The mutual influences on loneliness have been set out in a new model, with experts saying a better understanding of how these factors interact would improve care.

The ‘model of loneliness’ identifies the interplay between social impairment, a dysregulated oxytocin system – which is responsible for the ‘feel-good hormone’ oxytocin – and illness.

The authors say these areas are interconnected and “in order to understand loneliness, it is necessary to consider them together”.

The research team carried out a review of previous studies of loneliness, with their key findings including:

  • Lonely people show social impairment in cognitions, such as negativity bias or hypervigilance to social cues, and behaviour, such as avoidance
  • A dysregulated oxytocin system in lonely people, which affects their social functioning, serves as a neurobiological mechanism of loneliness
  • Loneliness considerably increases the probability for psychiatric and physical morbidity and vice versa
  • Loneliness can be both a cause and consequence of these three areas – social impairment, dysregulated oxytocin system and illness.

The ‘model of loneliness’ was developed using the neurobiological, psychological and behavioural results drawn from the review.

Loneliness is described by the Global Initiative on Loneliness and Connection as “a subjective unpleasant or distressing feeling of a lack of connection to other people, along with a desire for more, or more satisfying, social relationships.”

Loneliness and social impairment

Depending on how long someone has experienced loneliness, lonely people react to social situations differently. Some view social interactions negatively and avoid them, while others experience more good feelings when they are around people close to them because of the need to form relationships.

Lonely people often ‘comfort eat’ or use illegal substances, demonstrating loneliness may be a physiological response to an absence of social connections.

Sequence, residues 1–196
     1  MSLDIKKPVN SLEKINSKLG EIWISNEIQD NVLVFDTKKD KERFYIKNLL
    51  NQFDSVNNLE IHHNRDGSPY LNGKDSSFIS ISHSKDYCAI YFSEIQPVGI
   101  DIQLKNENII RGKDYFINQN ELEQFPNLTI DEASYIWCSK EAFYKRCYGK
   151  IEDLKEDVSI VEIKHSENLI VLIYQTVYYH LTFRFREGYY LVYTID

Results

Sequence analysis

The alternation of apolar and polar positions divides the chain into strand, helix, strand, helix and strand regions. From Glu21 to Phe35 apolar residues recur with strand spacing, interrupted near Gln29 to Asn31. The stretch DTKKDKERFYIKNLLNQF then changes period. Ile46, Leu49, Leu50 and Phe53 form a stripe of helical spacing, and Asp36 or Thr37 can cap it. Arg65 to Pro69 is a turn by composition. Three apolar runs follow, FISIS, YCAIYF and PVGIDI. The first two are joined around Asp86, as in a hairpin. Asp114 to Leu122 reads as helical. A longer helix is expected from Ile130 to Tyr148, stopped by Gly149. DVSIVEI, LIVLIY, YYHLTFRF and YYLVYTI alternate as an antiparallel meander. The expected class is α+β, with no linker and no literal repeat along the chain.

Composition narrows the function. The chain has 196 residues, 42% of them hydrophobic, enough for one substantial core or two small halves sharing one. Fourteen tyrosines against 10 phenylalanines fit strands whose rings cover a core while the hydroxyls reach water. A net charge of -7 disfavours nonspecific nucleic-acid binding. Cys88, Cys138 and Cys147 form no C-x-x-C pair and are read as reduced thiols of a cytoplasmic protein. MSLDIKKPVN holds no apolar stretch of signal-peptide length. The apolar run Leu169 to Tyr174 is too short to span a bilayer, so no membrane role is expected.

People with acute loneliness actively seek social connections, while those with chronic loneliness tend to avoid other people.

The impact of oxytocin

Oxytocin levels increase in people with loneliness, suggesting it compensates for emotional deficiency which is the result of social isolation.

The increase in oxytocin production related to isolation triggers an increase in the relevance of social stimuli. In people with chronic loneliness, their oxytocin levels adapt by falling.

The oxytocin system both underlies and also reacts to the changes in people with loneliness, such as a negative perception of social interactions.

Social touch initiates oxytocin release. A dysregulated oxytocin system adds to the negative view lonely people have of social touch.

Illness and loneliness

People with loneliness are at greater risk of both mental and physical illness. They are more at risk of depression, anxiety, personality disorders, and cardiovascular disease.

Mental illness can trigger loneliness or make it worse, while loneliness also puts people at greater risk of dementia.

Loneliness can also prevent people from managing medical illnesses properly, which can be fatal.

The team behind the German study concluded: “Impaired social interaction, the oxytocin system and illness are interconnected in lonely people and recognising these links is central to understanding the complex construct of loneliness.

“More work is needed both in research into the underlying mechanisms of loneliness as well as into how to treat it effectively, both on its own and as part of clinical psychiatric care.”

Read more in Neuroscience & Biobehavioral Reviews.

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